Further to our original introduction article on an early version of this interesting platform service, we thought it would be good to provide an update covering new features of likely interest to existing Oracle Cloud Applications developers. You've also no doubt noticed the tool has a new name, from Application Builder Cloud Service (ABCS) to Visual Builder Cloud Service (VBCS).
The core parts of the service remain the same; development of hosted enterprise applications in a low-code environment.
To keep the content here concise, please review our original article or take a look at a nice demo illustrating the integration with the Account object from Oracle Sales Cloud. The key here is that custom Business Objects are added and stored inside VBCS, and they use REST services to work with the Business Objects in Oracle Cloud Applications.
Within your Business Objects you can define your own business rules. This exists for local custom objects in VBCS, and is used for the business logic layer of the application functionality, underlying that implemented in the UI.
You may recognize much of the functionality here to that found in Application Composer, and indeed they both work over the same platform. Business rules are comprised of Triggers, Object and Field Validators and Object Functions.
The development process has a Trigger Designer which allows you to not only define individual triggers but to visualize and combine them into clear sequences. As shown below, the trigger designer shows all triggers based on their definitions and helps ensure business objects are processed in flows that meet business requirements.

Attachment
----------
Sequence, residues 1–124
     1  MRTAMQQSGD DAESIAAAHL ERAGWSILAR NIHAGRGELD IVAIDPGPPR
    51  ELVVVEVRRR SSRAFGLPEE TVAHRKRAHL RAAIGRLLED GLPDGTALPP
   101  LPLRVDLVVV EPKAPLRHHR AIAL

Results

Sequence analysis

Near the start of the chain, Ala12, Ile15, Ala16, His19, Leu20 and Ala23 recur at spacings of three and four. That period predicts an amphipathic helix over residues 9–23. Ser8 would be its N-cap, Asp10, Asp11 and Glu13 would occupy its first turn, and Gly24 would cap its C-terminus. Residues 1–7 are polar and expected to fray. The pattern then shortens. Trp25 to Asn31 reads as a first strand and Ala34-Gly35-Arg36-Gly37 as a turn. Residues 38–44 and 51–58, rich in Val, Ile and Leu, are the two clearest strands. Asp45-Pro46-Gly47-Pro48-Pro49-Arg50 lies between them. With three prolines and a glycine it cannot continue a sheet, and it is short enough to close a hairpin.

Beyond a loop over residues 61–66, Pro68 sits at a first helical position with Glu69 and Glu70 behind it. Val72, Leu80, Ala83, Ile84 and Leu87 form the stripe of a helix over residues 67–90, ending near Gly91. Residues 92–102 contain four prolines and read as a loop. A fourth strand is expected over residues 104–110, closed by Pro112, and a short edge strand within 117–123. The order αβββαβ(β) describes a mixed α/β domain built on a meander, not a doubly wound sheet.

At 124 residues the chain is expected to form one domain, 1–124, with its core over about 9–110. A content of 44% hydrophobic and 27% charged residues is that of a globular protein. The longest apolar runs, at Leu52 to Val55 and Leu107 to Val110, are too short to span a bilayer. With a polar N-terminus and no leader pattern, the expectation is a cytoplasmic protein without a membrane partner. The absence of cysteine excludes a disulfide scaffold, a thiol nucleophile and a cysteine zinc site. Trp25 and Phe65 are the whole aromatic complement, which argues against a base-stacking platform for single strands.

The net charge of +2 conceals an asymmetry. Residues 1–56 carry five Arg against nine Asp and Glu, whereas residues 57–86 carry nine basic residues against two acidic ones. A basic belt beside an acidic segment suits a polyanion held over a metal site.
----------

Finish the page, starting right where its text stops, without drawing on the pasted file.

The triggers have several actions available, including running Groovy script code, update or delete a record, can call another function, can send an email, can start a business process (stored in Oracle Process Cloud Service). In this way they combine the Object Workflow and Trigger functionality found in Application Composer.
Triggers support conditional execution, and the declarative Conditions Builder allows the selection of an object field and a condition (i.e. operator and value). Using multiple conditions (AND / OR) and combining them into 'groups' allows it to meet more complex requirements. When you're designing your trigger you can also pick to declare the trigger condition in pure groovy code, and as such it has the full flexibility.